More 'Project Fear': BoE's Carney Says Risk Of Calamitous 'No Deal' Brexit Is "Alarmingly High"

As MPs battled to pass a business motion on the Letwin-Cooper bill to try and force Theresa May to request a lengthy Article 50 extension to try and avert a 'no deal' Brexit on April 12, BoE Governor Mark Carney took to Sky News to deliver his latest salvo in the central bank's efforts to stoke hysteria surrounding the prospect of the UK crashing out of the EU.

Before revealing that he would "absolutely not" be staying in his role at the central bank past 2020 due to Brexit-related stress, Carney told Sky News that the risk of a no-deal Brexit is "alarmingly high" (even after Jeremy Corbyn said talks with the PM on a potential Brexit deal alternative were making progress), and that Tory demands for a "managed" no-deal Brexit were "absolute nonsense."

He also defended the central bank's gloomy forecasts for a 'no deal' scenario (as a reminder, Carney and the central bank's staff said 'no deal' would lead to an economic crisis in the UK that would be "worse than 2008"), and denied that he was guilty of fearmongering. After all, the central bank didn't simply butt in without reason: a committee of MPs had requested that the bank conduct an analysis, and hundreds of staffers at the central bank participated in the project, including its staff economists.


Despite "real progress" in Brexit preparations, a Brexit induced economic shock remained his base case (and as the New York Times pointed out earlier this week, for many British businesses, Brexit has effectively already happened).

Back in August, the risk of no-deal felt "uncomfortably high," Carney said. Unfortunately, Carney's fears about an insurmountable impasse have proven well-founded and the risk of 'no deal' is now "alarmingly high."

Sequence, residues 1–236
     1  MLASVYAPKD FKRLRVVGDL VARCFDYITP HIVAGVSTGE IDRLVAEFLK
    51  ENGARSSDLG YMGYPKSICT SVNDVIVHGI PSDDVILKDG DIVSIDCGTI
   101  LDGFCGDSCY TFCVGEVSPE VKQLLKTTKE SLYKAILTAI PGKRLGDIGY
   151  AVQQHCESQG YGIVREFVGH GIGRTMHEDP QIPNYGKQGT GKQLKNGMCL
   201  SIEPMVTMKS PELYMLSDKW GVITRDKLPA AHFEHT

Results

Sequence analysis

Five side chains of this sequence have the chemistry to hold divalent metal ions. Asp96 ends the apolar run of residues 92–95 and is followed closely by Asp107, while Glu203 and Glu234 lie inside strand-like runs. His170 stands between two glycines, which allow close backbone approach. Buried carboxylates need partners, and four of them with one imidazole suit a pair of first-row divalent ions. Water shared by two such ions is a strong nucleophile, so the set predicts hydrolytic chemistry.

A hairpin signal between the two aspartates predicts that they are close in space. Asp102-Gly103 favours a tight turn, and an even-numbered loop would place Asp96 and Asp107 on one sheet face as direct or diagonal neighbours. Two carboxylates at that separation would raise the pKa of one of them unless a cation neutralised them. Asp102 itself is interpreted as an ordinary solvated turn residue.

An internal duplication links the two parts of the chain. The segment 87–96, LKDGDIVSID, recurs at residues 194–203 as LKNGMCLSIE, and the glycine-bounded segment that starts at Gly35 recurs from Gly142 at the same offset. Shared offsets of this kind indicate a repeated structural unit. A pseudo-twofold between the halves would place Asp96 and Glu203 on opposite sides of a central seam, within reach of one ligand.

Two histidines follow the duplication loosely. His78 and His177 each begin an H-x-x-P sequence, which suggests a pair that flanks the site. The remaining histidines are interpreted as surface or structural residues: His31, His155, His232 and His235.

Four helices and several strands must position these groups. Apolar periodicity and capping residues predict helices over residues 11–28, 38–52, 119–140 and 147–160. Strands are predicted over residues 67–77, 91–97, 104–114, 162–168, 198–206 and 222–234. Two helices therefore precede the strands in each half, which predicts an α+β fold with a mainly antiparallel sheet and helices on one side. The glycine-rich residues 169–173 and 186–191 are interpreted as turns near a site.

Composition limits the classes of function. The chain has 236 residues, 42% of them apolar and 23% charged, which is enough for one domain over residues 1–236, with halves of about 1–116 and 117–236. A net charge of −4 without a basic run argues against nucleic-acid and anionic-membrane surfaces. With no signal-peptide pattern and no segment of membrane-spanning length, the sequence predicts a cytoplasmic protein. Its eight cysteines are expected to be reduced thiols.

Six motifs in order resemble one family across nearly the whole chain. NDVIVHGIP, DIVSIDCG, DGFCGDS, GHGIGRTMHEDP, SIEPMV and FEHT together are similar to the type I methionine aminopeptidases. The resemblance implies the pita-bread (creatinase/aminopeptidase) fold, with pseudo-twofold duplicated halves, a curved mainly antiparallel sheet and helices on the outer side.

"Unfortunately I think it proved accurate," he said. And despite Parliament's expressed will that the UK do something - anything - to avert 'no deal', it remains the default option.

"It's alarmingly high now. We're in a situation where the expressed will of parliament is for some form of deal, so to put it in the double negative: parliament is against no deal. The government, as expressed by the prime minister, is against no deal, the European Union is against no deal, and yet it is a possibility - it is the default option."

He added that 'no deal' could happen suddenly - or even by accident - and there would be no transition, guaranteeing that the process would be "disorderly."

"So no-deal would happen by accident, it would happen suddenly, there would be no transition - it is an accidental disorderly Brexit."

However, Carney stood by his assertion that bank balance sheets in the UK were strong enough to withstand any Brexit-related pressures - though that doesn't necessarily mean financial markets wont' be impacted.

"There are lots of things to worry about in the event of a no-deal Brexit but the financial sector is not one of them."

He added that without time to prepare for new customs regimes, business output from the UK would almost certainly take a hit.

Meanwhile, as Parliament scrambles to figure out exactly how it wants to move forward on Brexit, one Twitter user highlighted a humorous observation that is almost uncannily apt.